4) En­gag­ing deeply with Jewish texts and tra­di­tion. While each of th­ese ini­tia­tives al­lows in­di­vid­u­als to find their own way, the au­then­tic Jewish voice is main­tained through an un­medi­ated en­gage­ment with Jewish texts and tra­di­tion. Par­tic­i­pants are ex­pected to study and grow by en­gag­ing with Jewish texts and each other. Dif­fer­ent in­ter­pre­ta­tions are wel­comed, and crit­i­cal think­ing en­cour­aged.

Th­ese four fac­tors emerge from my own re­flec­tions on the pas­sion­ately plu­ral­is­tic con­ver­sa­tions in which I have en­gaged through­out my ca­reer. Many flow from my years of work at the Wexner Foun­da­tion, where we cul­ti­vated this sort of di­a­logue. Our par­tic­i­pants came from all branches of Ju­daism: Ashke­nazi, Sephardi, Con­ser­va­tive, Cha­sidic, Re­form, Or­tho­dox, Re­con­struc­tion­ist, Re­newal, Cul­tural, Sec­u­lar and “Just Jews.” The com­mon fac­tor was a pas­sion for Jewish life and an open­ness to be­ing part of a plu­ral­is­tic learn­ing com­mu­nity.

My in­tro­duc­tion to the UK came through Lim­mud. Ac­cord­ingly, I came to be­lieve that the UK Jewish com­mu­nity con­tained spe­cial ex­per­tise in cre­at­ing pas­sion­ately plu­ral­is­tic com­mu­ni­ties. In fact, I was so in­spired by Lim­mud UK that I re­turned to the USA and im­me­di­ately be­gan work­ing with a group of peo­ple to cre­ate Lim­mud NY.

Who knew that my life jour­ney would later give me the op­por­tu­nity to live here and con­trib­ute some­thing from my own ex­pe­ri­ence of cre­at­ing pas­sion­ately plu­ral­is­tic com­mu­ni­ties in the USA to this won­der­ful UK com­mu­nity? My fer­vent hope is that I can trans­fer and adapt some of this ex­per­tise for the ben­e­fit of the UK Jewish com­mu­nity.

The Re­form Move­ment, my present place of work, is one of sev­eral in­sti­tu­tions open to pas­sion­ate plu­ral­ism. Not only does it em­brace plu­ral­ism within its ranks by en­cour­ag­ing each in­di­vid­ual to pur­sue his or her own Jewish jour­ney, but it also pur­sues plu­ral­is­tic di­a­logue with other de­nom­i­na­tions who em­brace th­ese val­ues.

The round-ta­ble dis­cus­sion that I men­tioned at the beginning of this ar­ti­cle was con­vened to cel­e­brate the pub­li­ca­tion of the Re­form Move­ment’s new sid­dur. In­ter­est­ingly enough, that sid­dur, which was 10 years in the mak­ing, em­bod­ies the four fac­tors out­lined above — not that I can claim any of the credit for that. In­deed, many peo­ple de­voted count­less hours to the sid­dur’s prepa­ra­tion be­fore I was on the UK scene.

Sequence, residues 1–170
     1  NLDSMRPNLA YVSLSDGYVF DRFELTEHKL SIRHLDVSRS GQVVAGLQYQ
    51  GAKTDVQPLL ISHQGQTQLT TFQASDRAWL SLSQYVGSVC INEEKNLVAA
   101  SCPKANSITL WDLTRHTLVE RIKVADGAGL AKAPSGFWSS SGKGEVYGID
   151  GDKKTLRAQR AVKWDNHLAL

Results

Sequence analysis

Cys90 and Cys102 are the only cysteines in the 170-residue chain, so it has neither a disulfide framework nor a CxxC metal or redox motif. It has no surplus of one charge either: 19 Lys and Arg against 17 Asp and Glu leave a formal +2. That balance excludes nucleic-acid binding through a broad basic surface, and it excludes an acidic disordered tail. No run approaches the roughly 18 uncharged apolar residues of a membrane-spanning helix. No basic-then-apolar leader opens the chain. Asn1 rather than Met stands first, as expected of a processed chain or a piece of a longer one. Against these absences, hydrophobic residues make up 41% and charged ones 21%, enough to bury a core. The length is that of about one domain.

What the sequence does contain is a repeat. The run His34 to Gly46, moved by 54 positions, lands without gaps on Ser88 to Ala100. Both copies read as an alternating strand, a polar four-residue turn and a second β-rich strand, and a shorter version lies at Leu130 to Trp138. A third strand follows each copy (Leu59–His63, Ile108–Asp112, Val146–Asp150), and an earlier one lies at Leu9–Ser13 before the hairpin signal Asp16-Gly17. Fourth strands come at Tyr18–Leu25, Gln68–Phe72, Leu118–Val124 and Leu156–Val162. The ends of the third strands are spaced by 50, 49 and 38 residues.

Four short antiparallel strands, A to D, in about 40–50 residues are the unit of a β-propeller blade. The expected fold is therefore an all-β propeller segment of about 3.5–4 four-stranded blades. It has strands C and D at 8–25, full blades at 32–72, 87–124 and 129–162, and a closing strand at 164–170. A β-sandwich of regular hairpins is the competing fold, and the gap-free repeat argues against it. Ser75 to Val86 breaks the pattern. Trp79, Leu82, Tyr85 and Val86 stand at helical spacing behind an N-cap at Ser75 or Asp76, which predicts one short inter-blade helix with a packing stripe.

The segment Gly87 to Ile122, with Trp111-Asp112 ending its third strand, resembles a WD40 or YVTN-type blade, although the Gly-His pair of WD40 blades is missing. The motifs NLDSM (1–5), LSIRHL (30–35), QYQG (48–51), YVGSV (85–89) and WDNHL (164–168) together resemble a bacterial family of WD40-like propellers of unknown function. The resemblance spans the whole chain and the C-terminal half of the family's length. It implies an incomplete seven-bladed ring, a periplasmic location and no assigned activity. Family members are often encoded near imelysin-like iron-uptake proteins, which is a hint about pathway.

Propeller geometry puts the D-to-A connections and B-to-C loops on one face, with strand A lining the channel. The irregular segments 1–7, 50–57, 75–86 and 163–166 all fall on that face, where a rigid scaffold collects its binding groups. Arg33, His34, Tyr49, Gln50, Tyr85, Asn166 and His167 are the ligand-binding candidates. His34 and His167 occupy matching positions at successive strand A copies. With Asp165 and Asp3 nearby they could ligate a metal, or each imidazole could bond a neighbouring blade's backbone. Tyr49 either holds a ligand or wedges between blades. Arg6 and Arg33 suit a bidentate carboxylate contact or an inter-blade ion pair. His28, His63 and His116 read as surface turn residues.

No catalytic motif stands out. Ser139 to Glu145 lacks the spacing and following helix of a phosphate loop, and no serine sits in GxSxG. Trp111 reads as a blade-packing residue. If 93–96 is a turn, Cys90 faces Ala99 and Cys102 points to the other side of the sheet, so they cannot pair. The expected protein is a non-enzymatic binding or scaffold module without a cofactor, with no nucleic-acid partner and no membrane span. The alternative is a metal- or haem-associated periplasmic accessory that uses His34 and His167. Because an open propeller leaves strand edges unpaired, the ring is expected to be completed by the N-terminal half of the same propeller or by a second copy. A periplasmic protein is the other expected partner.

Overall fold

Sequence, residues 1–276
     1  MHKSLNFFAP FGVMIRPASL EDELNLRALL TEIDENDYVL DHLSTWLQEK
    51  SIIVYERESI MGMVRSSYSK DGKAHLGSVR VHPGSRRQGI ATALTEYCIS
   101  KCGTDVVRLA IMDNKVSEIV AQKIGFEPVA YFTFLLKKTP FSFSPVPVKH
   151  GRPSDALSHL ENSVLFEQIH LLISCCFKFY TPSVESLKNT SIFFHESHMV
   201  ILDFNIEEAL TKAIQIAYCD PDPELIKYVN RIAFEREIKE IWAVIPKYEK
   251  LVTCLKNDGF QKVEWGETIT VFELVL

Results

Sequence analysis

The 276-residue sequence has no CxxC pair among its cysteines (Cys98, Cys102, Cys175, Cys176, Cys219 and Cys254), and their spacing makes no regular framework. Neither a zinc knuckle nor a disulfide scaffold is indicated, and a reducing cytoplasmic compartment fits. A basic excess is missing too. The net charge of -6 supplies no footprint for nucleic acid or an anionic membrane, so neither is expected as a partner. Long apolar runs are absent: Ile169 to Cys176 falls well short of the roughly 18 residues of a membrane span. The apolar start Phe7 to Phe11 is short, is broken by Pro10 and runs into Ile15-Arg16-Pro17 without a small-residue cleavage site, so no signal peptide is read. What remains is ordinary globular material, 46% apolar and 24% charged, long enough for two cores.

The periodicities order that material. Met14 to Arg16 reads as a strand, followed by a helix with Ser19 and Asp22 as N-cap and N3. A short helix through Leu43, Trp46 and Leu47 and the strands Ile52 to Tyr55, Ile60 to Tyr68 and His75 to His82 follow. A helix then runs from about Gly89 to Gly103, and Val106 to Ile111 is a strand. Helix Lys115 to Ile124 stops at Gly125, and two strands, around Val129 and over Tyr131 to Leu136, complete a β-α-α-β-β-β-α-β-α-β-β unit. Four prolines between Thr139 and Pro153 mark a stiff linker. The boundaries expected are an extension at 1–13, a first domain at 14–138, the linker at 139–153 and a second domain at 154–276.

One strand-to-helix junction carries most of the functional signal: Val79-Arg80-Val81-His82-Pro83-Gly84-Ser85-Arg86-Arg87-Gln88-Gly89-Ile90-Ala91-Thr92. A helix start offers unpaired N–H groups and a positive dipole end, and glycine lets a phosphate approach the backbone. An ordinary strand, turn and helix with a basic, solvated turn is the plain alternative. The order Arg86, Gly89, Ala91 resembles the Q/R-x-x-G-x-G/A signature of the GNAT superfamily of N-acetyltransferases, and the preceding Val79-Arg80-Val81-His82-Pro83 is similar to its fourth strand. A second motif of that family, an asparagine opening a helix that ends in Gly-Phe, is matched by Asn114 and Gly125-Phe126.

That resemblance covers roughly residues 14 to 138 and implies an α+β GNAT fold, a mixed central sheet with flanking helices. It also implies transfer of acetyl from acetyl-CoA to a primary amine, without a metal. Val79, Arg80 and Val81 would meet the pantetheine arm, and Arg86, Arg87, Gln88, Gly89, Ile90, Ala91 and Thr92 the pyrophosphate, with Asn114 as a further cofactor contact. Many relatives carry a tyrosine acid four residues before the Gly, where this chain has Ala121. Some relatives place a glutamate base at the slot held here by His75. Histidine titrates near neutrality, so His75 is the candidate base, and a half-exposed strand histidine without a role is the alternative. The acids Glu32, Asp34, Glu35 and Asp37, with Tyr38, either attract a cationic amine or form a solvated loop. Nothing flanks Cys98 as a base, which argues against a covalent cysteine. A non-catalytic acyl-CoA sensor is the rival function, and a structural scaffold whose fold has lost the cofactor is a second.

The sid­dur is rel­e­vant not only to Re­form Jews, but to any se­ri­ous Jew, and that is be­cause it em­braces my four prin­ci­ples of pas­sion­ate plu­ral­ism. It re­quires the in­di­vid­ual to make choices about how he or she prays ( per­sonal choice); it in­cludes ma­te­rial from a vast range of sources, writ­ten by both men and women, al­ways in gen­der-neu­tral lan­guage ( egal­i­tar­i­an­ism); it in­vites peo­ple in by pro­vid­ing translit­er­a­tion of the He­brew, rather than rais­ing bar­ri­ers to peo­ple try­ing to par­tic­i­pate in prayer ( in­clu­siv­ity); and it re­turns to the tra­di­tional mat­beah (frame­work) of Jewish liturgy, with com­men­tary, so that peo­ple can deepen their un­der­stand­ing of Jewish prayer ( en­gag­ing deeply with Jewish texts and tra­di­tion).

Not for a sec­ond do I be­lieve that a prayer book can change the world. But I do be­lieve that a com­mu­nity of peo­ple who em­brace th­ese four val­ues can. I also want to cre­ate more ini­tia­tives in the UK Jewish com­mu­nity that pro­mote pas­sion­ate plu­ral­ism. I want to nur­ture a “mid­dle way” — mul­ti­de­nom­i­na­tional and al­low­ing all pas­sion­ately plu­ral­is­tic de­nom­i­na­tions to col­lab­o­rate on is­sues of shared con­cern. That’s why, a web­site spon­sored by the Re­form Move­ment, is proud to pro­mote any event for young adults that as­cribes to the four val­ues out­lined above. So long as the event holds to our shared val­ues, we want to sup­port it as a valid op­tion. The goal is not to com­pete with each other, but to cre­ate a vi­brant com­mu­nity where a plu­ral­is­tic dis­cus­sion is the source of our pas­sion.

My in­ter­faith friends sit­ting around the ta­ble ex­pressed con­cern about fun­da­men­tal­ism. Per­son­ally, I lose more sleep about its flip side, ap­a­thy. Let’s com­bat both by cre­at­ing more ini­tia­tives like Lim­mud,, and Jewish Book Week. Let’s cre­ate plu­ral­is­tic schools like JCoSS and plu­ral­is­tic ethics so­ci­eties like Re­spon­s­Abil­ity, so that pas­sion­ate plu­ral­ism be­comes the main­stream voice of Bri­tish Jewry. I am con­vinced that the ma­jor­ity of UK Jews are not only pas­sion­ate about Jewish peo­ple and ideas, but are also com­mit­ted to main­tain­ing open­ness to di­ver­sity and mul­ti­ple truths. If I am right and Lim­mud is not just an anom­aly but an ethos, then let us work to­gether to cre­ate the co­op­er­a­tion be­tween in­sti­tu­tions that would make pas­sion­ate plu­ral­ism a re­al­ity.